This article was originally published on Crain’s New York Business.
Vaccine passports on mobile devices have become an important topic in New York and around the world. While New York state and Israel have already developed a vaccine passport, the European Union, the United Kingdom and Japan are reportedly considering making their own.
New York City, like many others locations around the world, experiences broad-reaching beneﬁts of tourism, and with summer months coming, it may be wondering how the state’s Excelsior Pass is going to work since the vaccine passport is a brand-new concept. If people hope that Excelsior will lift the local economy, they’ll be happy to know that shifting consumer behavior in recent years toward mobile wallets indicates such passports can be an all-around success.
The travel industry offers a mobile-minded guide for how vaccine passports can enable in-person experiences. Two years ago, 21% of Americans had an airline app on their phone, and 1.5 billion digital boarding passes were used. What’s more, around 2 million Americans used the Transportation Security Administration PreCheck every day in 2019.
The vaccine passport will be similar to the digital boarding pass and TSA PreCheck experience, centering on a scannable QR code that veriﬁes the individual has been vaccinated or has recently tested negative for Covid-19. With mobile wallet usage established in the marketplace, signiﬁcant adoption should follow.
Why It’s Secure
For New Yorkers, it’s worth noting that the Excelsior Pass can now be stored in Apple Wallet for iPhone users or Google Wallet for Android devotees. A vaccine passport that’s stored in a mobile wallet is easily accessible and will not require Wi-Fi or a cellular connection to use it.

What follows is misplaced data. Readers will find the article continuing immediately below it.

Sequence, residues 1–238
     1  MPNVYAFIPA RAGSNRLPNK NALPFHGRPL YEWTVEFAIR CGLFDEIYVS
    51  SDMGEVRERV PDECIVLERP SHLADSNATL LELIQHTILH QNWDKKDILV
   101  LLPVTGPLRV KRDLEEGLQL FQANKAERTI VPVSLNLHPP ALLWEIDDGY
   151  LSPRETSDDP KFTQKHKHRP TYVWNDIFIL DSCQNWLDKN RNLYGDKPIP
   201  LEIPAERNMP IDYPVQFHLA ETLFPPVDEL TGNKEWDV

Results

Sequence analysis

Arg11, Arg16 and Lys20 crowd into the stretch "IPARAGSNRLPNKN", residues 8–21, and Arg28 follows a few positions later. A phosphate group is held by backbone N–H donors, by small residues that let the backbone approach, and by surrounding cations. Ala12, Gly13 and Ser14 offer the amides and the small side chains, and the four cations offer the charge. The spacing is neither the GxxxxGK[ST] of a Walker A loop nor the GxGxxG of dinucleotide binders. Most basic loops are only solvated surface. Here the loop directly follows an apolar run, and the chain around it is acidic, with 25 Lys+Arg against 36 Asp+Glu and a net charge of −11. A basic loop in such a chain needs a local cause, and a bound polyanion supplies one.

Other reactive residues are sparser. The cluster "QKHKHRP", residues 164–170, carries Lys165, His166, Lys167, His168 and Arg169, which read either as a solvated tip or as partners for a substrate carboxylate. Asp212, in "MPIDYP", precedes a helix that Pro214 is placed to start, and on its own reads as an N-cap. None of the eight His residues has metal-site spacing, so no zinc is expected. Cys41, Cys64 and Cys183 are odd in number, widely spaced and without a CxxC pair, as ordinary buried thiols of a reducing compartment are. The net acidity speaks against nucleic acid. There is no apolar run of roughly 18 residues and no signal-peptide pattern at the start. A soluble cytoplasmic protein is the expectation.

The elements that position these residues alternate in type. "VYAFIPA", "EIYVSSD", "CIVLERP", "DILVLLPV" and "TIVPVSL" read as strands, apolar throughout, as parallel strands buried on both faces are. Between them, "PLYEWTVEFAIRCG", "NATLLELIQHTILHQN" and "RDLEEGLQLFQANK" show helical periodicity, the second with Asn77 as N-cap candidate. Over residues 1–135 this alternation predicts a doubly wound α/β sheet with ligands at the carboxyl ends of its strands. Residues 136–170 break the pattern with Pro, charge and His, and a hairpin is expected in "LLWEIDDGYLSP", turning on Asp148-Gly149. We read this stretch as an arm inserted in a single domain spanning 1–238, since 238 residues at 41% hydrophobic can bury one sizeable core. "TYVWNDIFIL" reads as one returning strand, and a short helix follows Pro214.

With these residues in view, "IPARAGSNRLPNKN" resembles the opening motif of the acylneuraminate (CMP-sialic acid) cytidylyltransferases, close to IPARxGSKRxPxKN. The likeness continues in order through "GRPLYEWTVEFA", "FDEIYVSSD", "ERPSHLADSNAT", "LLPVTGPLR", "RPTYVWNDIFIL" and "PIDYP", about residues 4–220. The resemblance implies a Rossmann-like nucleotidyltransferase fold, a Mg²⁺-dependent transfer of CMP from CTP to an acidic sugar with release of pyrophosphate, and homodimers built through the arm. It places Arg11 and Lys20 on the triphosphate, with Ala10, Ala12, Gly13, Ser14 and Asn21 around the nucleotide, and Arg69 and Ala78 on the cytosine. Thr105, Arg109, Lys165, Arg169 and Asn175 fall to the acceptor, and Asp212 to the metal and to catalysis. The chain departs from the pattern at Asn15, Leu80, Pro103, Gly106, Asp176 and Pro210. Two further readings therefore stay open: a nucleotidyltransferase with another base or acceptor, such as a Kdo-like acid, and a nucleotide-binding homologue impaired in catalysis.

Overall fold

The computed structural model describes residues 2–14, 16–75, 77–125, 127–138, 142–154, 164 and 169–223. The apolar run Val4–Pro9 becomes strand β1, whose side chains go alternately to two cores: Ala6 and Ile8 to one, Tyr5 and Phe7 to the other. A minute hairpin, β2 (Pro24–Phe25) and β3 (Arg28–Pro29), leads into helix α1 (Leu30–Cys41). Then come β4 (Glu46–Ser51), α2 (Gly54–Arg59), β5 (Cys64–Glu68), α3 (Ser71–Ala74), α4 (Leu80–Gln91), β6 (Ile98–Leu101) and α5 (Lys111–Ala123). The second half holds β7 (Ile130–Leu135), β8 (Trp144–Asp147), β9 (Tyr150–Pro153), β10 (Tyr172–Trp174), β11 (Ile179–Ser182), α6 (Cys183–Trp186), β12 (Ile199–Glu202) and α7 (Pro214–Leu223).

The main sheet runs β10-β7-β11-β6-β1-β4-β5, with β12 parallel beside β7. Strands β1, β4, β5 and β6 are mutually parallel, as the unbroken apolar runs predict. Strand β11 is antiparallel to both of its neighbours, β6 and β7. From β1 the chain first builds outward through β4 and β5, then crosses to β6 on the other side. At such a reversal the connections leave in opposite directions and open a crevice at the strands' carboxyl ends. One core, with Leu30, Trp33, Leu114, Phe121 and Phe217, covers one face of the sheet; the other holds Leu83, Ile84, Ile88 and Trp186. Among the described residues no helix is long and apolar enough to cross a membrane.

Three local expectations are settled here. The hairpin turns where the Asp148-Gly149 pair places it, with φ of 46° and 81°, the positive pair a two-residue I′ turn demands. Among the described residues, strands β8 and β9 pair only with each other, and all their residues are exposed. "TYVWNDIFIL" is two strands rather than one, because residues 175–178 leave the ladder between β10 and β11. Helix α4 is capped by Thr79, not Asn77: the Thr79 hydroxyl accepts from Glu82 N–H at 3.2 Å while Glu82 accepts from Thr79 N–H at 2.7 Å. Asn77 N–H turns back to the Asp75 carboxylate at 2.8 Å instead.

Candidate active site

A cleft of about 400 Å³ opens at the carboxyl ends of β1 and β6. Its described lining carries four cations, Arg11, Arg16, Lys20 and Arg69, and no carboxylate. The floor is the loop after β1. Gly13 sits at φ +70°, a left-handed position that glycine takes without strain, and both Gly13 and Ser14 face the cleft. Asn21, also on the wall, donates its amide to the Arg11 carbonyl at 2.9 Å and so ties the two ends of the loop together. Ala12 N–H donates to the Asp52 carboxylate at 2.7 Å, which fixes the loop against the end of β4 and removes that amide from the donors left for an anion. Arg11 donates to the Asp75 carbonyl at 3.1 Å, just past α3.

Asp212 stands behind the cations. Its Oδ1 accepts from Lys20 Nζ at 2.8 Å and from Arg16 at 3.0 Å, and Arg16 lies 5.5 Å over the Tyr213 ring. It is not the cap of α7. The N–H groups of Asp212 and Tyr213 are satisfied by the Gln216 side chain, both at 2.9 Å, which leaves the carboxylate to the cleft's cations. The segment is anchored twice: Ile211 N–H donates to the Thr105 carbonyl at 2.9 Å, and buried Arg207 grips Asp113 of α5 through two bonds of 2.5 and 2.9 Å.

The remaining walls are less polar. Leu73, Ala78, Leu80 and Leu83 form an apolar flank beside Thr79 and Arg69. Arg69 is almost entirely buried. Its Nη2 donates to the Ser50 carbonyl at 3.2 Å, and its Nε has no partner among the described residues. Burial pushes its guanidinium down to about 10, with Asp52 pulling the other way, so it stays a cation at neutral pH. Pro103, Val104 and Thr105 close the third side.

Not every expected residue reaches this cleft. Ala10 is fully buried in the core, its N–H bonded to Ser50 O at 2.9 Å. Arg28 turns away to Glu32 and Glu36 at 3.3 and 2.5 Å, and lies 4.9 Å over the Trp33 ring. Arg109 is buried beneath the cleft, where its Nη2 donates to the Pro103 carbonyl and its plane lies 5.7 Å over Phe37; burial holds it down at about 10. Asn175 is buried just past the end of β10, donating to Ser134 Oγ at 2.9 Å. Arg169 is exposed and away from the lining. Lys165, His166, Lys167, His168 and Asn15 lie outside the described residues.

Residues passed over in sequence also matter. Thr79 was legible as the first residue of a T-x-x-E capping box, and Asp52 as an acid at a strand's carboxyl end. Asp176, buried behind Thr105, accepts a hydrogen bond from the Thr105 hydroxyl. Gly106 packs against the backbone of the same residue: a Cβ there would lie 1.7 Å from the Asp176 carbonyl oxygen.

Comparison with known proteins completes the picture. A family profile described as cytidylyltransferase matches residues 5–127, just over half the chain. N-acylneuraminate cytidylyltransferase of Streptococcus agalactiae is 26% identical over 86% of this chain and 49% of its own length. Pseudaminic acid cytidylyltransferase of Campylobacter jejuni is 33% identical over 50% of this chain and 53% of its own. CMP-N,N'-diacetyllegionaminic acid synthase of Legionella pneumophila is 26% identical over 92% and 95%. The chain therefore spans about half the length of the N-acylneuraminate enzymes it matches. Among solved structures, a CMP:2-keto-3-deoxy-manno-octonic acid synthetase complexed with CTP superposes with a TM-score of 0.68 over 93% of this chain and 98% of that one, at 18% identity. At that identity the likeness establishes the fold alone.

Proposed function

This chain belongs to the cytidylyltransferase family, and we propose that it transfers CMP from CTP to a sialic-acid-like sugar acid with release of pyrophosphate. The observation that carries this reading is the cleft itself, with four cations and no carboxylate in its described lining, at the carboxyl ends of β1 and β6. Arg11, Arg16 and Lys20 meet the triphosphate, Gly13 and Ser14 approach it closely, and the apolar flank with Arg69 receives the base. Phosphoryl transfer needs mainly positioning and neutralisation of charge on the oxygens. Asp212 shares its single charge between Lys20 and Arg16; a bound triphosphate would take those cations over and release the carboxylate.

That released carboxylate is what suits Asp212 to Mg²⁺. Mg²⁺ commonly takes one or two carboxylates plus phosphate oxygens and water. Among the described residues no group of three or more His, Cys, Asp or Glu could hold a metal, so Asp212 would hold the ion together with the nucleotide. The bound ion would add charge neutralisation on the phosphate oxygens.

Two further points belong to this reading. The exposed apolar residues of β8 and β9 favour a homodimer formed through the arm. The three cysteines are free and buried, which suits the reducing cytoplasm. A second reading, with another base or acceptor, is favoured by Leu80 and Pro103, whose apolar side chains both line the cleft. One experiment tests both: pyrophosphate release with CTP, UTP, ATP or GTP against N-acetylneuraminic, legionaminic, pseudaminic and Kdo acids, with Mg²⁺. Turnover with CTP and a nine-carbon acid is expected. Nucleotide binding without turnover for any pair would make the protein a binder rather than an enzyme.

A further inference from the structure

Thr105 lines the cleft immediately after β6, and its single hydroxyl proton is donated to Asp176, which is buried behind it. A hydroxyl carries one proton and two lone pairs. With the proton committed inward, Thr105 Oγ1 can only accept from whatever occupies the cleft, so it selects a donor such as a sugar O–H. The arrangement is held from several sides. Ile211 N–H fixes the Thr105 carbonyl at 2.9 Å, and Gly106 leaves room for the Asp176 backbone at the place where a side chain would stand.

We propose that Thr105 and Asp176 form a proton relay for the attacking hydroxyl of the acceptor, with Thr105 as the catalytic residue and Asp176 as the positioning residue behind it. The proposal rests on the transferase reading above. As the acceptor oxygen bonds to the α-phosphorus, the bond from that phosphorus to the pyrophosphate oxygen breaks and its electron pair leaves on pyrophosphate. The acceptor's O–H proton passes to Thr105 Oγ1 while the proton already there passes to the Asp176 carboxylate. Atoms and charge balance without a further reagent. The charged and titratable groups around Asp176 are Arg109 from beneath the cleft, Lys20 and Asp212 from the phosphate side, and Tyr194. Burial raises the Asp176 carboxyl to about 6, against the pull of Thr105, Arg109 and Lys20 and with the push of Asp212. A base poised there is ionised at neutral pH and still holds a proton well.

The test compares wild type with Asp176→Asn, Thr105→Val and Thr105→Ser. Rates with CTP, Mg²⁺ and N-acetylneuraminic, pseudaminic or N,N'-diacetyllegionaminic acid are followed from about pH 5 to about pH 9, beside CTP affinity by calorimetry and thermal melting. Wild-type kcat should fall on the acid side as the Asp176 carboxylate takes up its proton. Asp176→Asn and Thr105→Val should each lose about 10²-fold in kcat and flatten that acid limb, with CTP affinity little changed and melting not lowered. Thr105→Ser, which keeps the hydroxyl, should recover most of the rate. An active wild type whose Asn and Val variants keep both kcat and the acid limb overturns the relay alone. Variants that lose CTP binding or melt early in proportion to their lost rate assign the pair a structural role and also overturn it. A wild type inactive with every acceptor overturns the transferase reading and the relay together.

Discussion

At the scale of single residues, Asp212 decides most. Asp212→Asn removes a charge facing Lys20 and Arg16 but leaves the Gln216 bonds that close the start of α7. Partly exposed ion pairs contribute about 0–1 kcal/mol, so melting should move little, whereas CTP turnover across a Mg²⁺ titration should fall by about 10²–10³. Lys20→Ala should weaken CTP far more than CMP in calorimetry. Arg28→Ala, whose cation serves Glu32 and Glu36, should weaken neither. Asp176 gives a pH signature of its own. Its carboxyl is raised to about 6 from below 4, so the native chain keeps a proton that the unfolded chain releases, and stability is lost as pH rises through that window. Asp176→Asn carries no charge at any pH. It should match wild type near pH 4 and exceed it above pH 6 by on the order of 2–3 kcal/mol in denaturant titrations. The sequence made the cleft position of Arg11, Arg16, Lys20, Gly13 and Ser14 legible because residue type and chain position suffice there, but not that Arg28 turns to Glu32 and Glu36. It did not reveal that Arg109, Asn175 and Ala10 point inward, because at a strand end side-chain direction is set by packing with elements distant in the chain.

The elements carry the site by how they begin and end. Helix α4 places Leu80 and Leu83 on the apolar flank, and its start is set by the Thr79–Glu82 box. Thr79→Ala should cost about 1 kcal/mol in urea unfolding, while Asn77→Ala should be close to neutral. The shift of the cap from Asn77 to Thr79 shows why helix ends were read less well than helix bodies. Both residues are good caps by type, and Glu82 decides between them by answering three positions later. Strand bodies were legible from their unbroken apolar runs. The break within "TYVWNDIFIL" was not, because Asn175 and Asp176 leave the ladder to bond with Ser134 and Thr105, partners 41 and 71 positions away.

Mobile wallets are tied to a user’s Apple or Google ID, so they will only be accessible by the owner of the phone with a security code or biometrics login. While vaccination data is medical and private, more and more people entrust their mobile wallets with sensitive information, including credit and debit cards—contactless mobile payments grew 29% in 2020. Storing vaccine passports in mobile wallets isn’t a big leap when you consider their importance in more quickly returning our lives and the economy to normal.
And that pass could be updated automatically by the issuer over time with no manual app update required. Mobile wallets are just that handy, which is something government and health care leaders should keep in mind for future digital needs of this scale.
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